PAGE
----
Yield measurements

Published: Jun 2008

There are two methods commonly used to measure the rate of return on an investment: yield to maturity and current yield.

Yield to maturity

Yield to maturity (YTM) has many aliases – yield, redemption yield, gross redemption yield (GRY) and internal rate of return (IRR). All refer to the total interest you receive from purchase to maturity of an investment, typically a bond, plus any gain or loss.

Calculating YTM involves the following equation. It requires the identification, through trial and error, of ‘r’, which is the interest rate used to calculate the current value of future interest payments and the redemption payout.

$$\mathrm{c1\:+\:r^{–1}\:+\:c1\:+\:r^{-2}\:+\:…\:+\:c1\:+\:r^{–n}\:+\:B1\:+\:r^{–n}}=\mathrm{P}$$

Where:

• c = annual coupon payment (as a currency value, not a percentage).
• n = number of years to maturity.
• B = par value on maturity.
• P = bond’s purchase price today.

So, for a four-year bond, paying annual 3% coupons, with a price of £95 and par value of £100, the YTM would be 4.39%.

$$\mathrm{31\: +\:r^{-1}\:+31\:+\:r^{-2}\:+\:31\:+\:r^{–3}\:+\:31\:+\:r^{–4}\:+\:1001\:+\:r^{–4}}=\mathrm{95}$$

Due to the complexity of this equation it is usually worked out using specialist calculators or computer programmes. The popularity of YTM lies in its ability to take into account the initial investment amount, the interest payments and the amount of interest earned on interest. Since YTM calculates a bond’s total expected rate of return, investors can compare bonds with different coupon rates, maturities and credit qualities. The disadvantages lie in its assumption of bond retention until maturity and re-investment of the interest/coupon payments at the same rate as the bond’s yield – in practice, this may not happen.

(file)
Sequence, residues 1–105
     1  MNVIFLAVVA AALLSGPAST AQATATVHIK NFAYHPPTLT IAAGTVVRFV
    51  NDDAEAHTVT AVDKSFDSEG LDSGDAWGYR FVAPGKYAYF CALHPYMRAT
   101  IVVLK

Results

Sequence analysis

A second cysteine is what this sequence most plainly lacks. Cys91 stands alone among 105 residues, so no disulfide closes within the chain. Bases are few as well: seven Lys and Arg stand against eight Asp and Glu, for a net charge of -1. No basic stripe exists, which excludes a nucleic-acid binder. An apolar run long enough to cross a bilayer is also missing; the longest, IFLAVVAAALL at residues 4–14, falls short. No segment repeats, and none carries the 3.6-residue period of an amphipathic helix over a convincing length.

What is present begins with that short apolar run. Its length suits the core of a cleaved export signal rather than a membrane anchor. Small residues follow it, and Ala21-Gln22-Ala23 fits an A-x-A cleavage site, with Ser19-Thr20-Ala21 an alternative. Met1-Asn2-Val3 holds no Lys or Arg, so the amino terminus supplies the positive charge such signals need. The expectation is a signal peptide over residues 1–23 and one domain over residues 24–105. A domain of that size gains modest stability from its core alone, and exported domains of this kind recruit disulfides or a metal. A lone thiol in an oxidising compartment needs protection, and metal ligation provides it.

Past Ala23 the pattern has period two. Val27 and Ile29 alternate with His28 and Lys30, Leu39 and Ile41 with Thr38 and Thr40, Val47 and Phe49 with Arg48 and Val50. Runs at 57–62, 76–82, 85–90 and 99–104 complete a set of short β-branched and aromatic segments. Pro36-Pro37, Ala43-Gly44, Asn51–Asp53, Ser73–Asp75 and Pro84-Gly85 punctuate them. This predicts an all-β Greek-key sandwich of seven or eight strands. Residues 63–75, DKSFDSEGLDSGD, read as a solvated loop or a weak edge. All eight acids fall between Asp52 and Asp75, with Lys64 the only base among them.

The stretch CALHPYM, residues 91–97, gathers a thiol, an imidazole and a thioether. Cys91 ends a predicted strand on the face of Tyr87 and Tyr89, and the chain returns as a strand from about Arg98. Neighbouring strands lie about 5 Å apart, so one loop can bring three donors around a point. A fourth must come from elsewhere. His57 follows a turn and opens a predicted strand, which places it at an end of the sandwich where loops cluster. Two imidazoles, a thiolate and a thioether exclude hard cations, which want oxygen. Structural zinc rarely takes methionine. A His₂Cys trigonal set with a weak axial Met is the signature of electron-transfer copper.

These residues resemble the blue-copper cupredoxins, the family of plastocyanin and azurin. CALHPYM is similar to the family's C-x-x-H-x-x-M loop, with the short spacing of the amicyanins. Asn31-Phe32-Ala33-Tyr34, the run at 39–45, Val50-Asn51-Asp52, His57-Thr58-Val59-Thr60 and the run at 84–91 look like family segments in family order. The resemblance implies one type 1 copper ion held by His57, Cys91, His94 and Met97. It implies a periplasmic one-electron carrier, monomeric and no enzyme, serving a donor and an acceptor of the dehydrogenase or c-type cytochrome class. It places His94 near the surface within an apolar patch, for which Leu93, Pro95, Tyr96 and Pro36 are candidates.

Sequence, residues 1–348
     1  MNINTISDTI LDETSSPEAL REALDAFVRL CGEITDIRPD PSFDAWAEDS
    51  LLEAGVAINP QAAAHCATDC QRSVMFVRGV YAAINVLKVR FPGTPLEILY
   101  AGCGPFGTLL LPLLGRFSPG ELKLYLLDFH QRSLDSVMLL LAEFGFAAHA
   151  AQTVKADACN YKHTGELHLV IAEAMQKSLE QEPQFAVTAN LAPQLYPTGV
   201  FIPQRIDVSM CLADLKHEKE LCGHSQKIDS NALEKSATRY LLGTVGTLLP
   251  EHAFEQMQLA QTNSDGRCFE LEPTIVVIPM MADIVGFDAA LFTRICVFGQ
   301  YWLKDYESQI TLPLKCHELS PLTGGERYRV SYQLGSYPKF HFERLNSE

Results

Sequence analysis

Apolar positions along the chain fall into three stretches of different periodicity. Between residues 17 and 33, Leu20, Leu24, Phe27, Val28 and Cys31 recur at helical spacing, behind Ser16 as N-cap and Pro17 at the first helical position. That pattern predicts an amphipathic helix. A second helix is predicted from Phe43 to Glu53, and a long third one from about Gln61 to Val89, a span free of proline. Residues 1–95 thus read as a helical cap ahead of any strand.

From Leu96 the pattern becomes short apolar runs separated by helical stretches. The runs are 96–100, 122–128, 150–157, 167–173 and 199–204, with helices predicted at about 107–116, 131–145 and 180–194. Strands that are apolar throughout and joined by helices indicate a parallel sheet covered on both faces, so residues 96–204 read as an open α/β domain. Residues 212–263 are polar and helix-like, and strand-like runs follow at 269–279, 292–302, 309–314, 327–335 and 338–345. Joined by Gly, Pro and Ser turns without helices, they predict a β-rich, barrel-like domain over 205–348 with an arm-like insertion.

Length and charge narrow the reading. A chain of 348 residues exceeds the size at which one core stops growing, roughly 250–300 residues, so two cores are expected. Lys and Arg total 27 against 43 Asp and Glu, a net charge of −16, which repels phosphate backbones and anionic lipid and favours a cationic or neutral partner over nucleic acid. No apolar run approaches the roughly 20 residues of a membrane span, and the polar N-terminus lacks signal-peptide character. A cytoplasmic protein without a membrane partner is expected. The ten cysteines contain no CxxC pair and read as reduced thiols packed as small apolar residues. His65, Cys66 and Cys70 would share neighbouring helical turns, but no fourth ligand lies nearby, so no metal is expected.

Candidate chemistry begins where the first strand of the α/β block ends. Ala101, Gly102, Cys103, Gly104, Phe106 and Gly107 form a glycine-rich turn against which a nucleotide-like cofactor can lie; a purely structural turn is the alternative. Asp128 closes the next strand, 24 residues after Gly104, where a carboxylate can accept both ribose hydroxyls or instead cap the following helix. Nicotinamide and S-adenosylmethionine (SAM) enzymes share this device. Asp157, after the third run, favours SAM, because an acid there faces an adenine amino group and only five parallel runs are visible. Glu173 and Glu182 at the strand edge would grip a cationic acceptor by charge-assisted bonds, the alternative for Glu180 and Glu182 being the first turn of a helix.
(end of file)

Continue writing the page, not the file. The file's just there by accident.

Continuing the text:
Current yield

Also known as the running yield, flat yield or income yield, current yield is calculated by dividing the income received per annum (ie annual coupon or interest payments) by the purchase price of the investment, excluding any accrued interest. Unlike the YTM measurement, it overlooks any capital gain, or loss, on redemption/sale.

Expressed as an equation, the current yield is:

$$\mathrm{CY}=\frac{R}{P}*{100}$$

Where:

• CY = current yield expressed in %.
• R = coupon rate.
• P = purchase price of the investment.

In relation to a four-year bond, purchased at £95, paying annual 3% coupons, the current yield would be 3.16%.

$$\frac{3}{95}*{100}={\mathrm{3.16\%}}$$

Current yield is a much more straightforward calculation than YTM. However, drawbacks include the inability to take into account any potential capital appreciation or loss. This calculation also overlooks any interest on interest received. If a bond is purchased at a discount, the YTM will be greater than the current yield. If it is purchased at a premium, on the other hand, the current yield will be greater.

Other yields

Alternative yield measurements do exist but are less commonly used. For example, the Japanese bond market uses the simple yield to maturity measurement. This takes account of the capital gained or lost on the investment, but not the compound interest (that is the interest that can be earned on any interest received).

In the next issue, our series on yield curves will continue with a discussion of the various types of yield curve.